Cerebral white matter lesions (WML) encompass axonal loss and demyelination, and the pathogenesis is assumed to be small vessel disease (SVD)-related ischemia. However, WML may also result from the activation of Wallerian degeneration as a consequence of cortical Alzheimer’s disease (AD) pathology, i.e. hyperphosphorylated tau (HPτ) and amyloid-beta (Aβ) deposition. WML seen in AD have a posterior predominance compared to non-demented individuals but it is unclear whether the pathological and molecular signatures of WML differ between these two groups. We investigated differences in the composition and aetiology of parietal WML from AD and non-demented controls. Parietal WML tissue from 55 human post-mortem brains (AD, n = 27; non-demented controls, n = 28) were quantitatively assessed for axonal loss and demyelination, as well as for cortical HPτ and Aβ burden and SVD. Biochemical assessment included Wallerian degeneration protease calpain and the myelin-associated glycoprotein (MAG) to proteolipid protein (PLP) ratio (MAG:PLP) as a measure of hypoperfusion. WML severity was associated with both axonal loss and demyelination in AD, but only with demyelination in controls. Calpain was significantly increased in WML tissue in AD, whereas MAG:PLP was significantly reduced in controls. Calpain levels were associated with increasing amounts of cortical AD-pathology but not SVD. We conclude that parietal WML seen in AD differ in their pathological composition and aetiology compared to WML seen in aged controls: WML seen in AD may be associated with Wallerian degeneration that is triggered by cortical AD-pathology, whereas WML in aged controls are due to ischaemia. Hence, parietal WML as seen on MRI should not invariably be interpreted as a surrogate biomarker for SVD as they may be indicative of cortical AD-pathology, and therefore, AD should also be considered as the main underlying cause for cognitive impairment in cases with parietal WML.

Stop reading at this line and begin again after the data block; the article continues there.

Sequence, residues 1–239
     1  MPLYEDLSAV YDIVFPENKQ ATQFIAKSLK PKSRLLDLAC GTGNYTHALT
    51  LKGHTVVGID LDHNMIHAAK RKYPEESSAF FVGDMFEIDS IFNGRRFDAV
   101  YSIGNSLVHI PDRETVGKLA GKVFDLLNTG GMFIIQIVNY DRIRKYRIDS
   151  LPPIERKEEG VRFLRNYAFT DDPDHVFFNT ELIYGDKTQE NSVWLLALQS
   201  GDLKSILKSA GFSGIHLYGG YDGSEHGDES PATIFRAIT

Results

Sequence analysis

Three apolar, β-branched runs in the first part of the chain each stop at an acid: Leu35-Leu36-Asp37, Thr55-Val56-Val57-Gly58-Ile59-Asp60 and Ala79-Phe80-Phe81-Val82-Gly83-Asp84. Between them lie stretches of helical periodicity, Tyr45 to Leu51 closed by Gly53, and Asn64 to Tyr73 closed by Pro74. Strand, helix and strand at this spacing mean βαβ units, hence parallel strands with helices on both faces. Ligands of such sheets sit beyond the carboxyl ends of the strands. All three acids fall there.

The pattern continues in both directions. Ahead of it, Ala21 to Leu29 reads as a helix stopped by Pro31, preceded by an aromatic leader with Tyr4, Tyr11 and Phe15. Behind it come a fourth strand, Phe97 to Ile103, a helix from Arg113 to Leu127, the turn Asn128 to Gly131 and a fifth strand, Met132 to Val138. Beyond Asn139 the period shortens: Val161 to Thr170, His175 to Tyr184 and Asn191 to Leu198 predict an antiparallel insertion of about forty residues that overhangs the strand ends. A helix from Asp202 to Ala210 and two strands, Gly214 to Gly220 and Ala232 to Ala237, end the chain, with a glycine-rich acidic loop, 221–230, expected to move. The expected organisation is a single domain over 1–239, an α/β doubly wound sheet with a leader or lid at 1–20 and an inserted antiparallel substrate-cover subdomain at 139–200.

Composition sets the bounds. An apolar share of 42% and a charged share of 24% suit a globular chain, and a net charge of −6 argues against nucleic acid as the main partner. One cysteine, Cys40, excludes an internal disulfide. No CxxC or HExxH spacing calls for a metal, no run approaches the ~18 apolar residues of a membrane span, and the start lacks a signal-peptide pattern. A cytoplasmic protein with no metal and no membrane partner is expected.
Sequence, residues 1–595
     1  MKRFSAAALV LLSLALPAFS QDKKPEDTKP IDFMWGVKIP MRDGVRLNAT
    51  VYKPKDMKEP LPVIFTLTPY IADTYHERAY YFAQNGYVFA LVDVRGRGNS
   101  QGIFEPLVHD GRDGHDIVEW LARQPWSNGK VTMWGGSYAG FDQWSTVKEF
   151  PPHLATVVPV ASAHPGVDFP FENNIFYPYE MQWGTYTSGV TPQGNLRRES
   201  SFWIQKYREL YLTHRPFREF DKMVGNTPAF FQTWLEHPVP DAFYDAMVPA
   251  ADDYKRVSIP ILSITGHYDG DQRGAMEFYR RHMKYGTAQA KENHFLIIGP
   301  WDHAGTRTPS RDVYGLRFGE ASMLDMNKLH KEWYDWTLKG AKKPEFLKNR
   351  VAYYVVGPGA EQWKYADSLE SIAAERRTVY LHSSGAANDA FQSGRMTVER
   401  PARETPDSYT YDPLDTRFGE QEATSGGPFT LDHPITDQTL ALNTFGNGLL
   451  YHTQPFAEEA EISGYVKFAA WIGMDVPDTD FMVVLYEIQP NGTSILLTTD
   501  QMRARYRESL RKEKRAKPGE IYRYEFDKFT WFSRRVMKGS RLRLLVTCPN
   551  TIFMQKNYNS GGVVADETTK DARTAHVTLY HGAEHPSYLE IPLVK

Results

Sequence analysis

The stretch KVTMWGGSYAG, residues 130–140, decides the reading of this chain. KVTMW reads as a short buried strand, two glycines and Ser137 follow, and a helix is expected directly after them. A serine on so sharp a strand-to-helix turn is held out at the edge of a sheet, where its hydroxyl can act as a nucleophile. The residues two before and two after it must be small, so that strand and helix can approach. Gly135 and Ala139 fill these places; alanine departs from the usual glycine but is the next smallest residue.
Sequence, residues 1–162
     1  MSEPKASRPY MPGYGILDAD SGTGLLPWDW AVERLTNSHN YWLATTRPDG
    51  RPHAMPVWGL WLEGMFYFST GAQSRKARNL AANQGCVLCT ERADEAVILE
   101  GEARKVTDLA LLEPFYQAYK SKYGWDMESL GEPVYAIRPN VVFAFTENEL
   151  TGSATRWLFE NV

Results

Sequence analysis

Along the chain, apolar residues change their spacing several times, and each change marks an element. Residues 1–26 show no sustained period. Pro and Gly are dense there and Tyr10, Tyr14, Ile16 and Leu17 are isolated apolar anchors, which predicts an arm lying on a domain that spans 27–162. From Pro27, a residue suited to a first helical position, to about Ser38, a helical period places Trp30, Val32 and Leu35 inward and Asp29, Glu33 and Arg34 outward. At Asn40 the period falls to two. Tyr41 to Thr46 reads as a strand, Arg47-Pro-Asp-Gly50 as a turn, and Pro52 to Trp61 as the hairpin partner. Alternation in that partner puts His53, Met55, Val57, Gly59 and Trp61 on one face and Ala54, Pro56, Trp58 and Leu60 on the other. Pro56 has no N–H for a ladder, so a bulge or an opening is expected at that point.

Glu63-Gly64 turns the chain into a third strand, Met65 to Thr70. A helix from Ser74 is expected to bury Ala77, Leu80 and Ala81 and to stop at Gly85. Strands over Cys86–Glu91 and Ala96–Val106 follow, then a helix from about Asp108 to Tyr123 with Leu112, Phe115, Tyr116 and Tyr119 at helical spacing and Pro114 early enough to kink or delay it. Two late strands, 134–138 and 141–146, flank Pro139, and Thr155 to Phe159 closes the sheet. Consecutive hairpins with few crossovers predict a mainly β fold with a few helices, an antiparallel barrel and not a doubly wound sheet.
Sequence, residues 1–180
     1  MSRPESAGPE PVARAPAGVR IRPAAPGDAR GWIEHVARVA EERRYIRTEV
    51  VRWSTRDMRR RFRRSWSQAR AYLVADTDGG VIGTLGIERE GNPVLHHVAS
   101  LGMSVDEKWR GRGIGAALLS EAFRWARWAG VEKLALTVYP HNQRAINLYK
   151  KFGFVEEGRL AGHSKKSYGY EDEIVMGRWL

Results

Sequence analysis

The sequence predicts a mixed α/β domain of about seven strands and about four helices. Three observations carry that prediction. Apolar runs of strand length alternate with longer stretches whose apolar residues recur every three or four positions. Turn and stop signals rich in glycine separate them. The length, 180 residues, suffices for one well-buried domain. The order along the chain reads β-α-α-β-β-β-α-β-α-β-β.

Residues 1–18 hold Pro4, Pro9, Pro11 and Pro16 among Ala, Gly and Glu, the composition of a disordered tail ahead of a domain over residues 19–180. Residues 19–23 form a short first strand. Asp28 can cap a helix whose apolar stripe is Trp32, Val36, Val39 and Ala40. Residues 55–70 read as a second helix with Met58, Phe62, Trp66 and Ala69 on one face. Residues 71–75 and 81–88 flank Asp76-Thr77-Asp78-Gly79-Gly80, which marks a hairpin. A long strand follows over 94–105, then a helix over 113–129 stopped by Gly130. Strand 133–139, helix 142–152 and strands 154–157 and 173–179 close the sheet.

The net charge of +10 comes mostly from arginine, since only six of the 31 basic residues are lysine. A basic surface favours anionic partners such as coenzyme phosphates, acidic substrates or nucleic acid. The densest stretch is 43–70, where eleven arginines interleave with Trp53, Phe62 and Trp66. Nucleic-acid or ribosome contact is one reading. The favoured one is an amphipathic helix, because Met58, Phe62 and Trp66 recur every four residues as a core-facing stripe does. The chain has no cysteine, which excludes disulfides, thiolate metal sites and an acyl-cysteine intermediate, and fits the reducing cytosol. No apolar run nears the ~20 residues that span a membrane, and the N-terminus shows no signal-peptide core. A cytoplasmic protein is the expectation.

Journal

Acta NeuropathologicaSpringer Journals

Published: Jun 21, 2017

References

You’re reading a free preview. Subscribe to read the entire article.


DeepDyve is your
personal research library

It’s your single place to instantly
discover and read the research
that matters to you.

Enjoy affordable access to
over 18 million articles from more than
15,000 peer-reviewed journals.

All for just $49/month

Explore the DeepDyve Library

Search

Query the DeepDyve database, plus search all of PubMed and Google Scholar seamlessly

Organize

Save any article or search result from DeepDyve, PubMed, and Google Scholar... all in one place.

Access

Get unlimited, online access to over 18 million full-text articles from more than 15,000 scientific journals.

Your journals are on DeepDyve

Read from thousands of the leading scholarly journals from SpringerNature, Elsevier, Wiley-Blackwell, Oxford University Press and more.

All the latest content is available, no embargo periods.

See the journals in your area

DeepDyve

Freelancer

DeepDyve

Pro

Price

FREE

$49/month
$360/year

Save searches from
Google Scholar,
PubMed

Create lists to
organize your research

Export lists, citations

Read DeepDyve articles

Abstract access only

Unlimited access to over
18 million full-text articles

Print

20 pages / month

PDF Discount

20% off